Replace current section titled “Streams & Rivers” in the Environment Agency Webpage of Newport (North) Bathing Water Profile – as follows: Dealing with predictable short-term pollution events.
The River Nevern drains a large area (113 km2) beginning east of Crymych, flowing around the Preseli hills, through Felindre Farchog and Nevern, before entering the sea at Newport. The catchment is predominately rural with dairy farming on improved pasture being the main land use (61 %), followed by moorland (17%). The river discharges into Newport Bay at the southern tip of Newport Sands (Beach), approx. 1000m south of the “designated sampling point”, where samples of bathing water are taken for testing under the terms of the relevant European Bathing Waters Directive
Bathing water quality in the Bay is adversely affected by high flows in streams, rivers and sewers draining into the Nevern, due to heavy rainwater run-off. Natural Resources Wales (“NRW“) does what it can to advise local farmers on preventing farm slurry run-off and is prepared to take enforcement action where minimal standards of practice are repeatedly ignored. However, inevitably in such a large agricultural catchment area, in the immediate aftermath of a heavy rain storm, the quality of the Nevern River water discharging into Newport Bay can fall dramatically, to very much lower standards than we would wish. Also, there are numerous small streams and surface water drains which empty directly into the Bay, and which can equally become sources of reduced water quality after heavy rainfall.
In addition, NRW has granted legal consents for a total of x20 combined (sewage/rainfall) storm overflows (CSOs) which also discharge into the Nevern at times of severe storm water conditions, and two of these are especially close to Newport Sands where the Nevern itself discharges to the sea. Parrog CSO is located in a field drain, a little way above the “red” telephone kiosk at the entrance to Parrog Car Park. Whilst the Newport town sewage pumping station, at Yr Cwm, has a CSO which discharges directly into the recently upgraded sewage sea outfall, and which terminates some 500m or so off the beach at mean low tide. (see map).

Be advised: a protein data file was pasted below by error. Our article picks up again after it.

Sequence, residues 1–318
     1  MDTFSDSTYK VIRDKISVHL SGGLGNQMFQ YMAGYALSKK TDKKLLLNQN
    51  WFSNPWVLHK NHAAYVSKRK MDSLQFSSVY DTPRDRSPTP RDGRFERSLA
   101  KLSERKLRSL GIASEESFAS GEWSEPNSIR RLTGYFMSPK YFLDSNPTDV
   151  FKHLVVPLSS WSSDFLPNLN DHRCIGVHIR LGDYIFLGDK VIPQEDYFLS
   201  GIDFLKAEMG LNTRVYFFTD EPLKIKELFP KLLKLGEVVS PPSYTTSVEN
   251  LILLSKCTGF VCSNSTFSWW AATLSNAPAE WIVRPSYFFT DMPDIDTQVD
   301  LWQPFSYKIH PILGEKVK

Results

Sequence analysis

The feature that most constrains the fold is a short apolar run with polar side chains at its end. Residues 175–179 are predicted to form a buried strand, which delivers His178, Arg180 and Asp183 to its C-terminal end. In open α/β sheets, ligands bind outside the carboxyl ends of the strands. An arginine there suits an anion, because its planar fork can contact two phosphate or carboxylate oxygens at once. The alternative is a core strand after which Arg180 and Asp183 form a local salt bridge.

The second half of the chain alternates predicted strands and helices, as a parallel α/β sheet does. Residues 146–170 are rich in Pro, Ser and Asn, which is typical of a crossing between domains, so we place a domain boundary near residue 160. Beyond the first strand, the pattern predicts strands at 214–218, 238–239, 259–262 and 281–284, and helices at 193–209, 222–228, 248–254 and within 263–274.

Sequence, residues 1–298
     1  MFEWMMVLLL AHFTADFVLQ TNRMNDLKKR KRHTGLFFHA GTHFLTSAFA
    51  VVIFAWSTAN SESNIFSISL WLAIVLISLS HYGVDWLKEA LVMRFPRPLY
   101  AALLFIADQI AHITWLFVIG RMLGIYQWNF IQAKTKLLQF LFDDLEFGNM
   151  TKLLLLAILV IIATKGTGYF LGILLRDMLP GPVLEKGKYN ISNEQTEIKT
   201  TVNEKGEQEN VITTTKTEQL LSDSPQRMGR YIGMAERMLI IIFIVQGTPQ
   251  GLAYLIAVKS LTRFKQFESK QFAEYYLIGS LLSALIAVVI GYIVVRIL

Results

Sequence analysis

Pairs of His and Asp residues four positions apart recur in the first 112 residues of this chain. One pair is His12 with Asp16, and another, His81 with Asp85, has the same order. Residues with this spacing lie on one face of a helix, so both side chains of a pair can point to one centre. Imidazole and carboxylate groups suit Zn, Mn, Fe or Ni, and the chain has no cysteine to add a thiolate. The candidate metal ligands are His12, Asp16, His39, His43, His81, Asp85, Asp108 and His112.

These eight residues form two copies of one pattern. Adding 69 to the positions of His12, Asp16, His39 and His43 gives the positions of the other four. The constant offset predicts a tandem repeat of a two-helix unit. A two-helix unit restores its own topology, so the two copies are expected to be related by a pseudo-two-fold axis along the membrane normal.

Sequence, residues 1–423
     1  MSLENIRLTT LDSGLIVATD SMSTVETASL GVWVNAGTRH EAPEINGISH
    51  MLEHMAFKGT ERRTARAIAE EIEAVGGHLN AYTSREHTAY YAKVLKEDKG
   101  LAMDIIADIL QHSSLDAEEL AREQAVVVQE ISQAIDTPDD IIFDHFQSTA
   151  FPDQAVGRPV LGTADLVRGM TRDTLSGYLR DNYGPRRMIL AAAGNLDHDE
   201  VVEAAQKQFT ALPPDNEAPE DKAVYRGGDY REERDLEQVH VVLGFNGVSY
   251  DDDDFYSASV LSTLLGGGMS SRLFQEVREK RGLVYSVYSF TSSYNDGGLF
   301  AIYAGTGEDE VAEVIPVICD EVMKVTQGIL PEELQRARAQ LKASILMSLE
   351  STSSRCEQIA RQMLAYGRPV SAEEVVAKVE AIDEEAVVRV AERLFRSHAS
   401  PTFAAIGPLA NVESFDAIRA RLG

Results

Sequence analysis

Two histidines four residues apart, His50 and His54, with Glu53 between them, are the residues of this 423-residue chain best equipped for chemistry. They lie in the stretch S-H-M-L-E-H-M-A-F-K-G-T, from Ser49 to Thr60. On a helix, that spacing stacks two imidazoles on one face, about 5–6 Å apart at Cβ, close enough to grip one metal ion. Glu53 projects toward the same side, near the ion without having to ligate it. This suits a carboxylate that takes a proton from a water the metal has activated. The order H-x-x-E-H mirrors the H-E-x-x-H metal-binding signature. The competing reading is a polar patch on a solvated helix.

Whenever NRW is made aware of reduced and poor quality bathing waters, as a result of sample testing following a severe rain-storm event (or otherwise), if deemed of sufficient concern, a public notice will be put up at the Newport Beach notice board, warning of any potential hazard to public health bathing and the results of both initial, and on-going, sample testing will be immediately posted. We will also examine whether there has been any discharge from the CSOs associated with any storm event, especially those mentioned, and publicise those results as well. We will also give notice of any relevant procedures, including management measures, we deem it appropriate to undertake in order to minimise and terminate the effects of any such short-term pollution events. All of this information will also be made available to the public on our website (click here.).
 Currently the EU Bathing Waters Directive of 1976 (76/160)[cBWD] , but soon to be fully replaced by the EU Bathing Water Directive of 2006 (2006/7/EC 76/160) [rBWD] as of 24 March, 2015.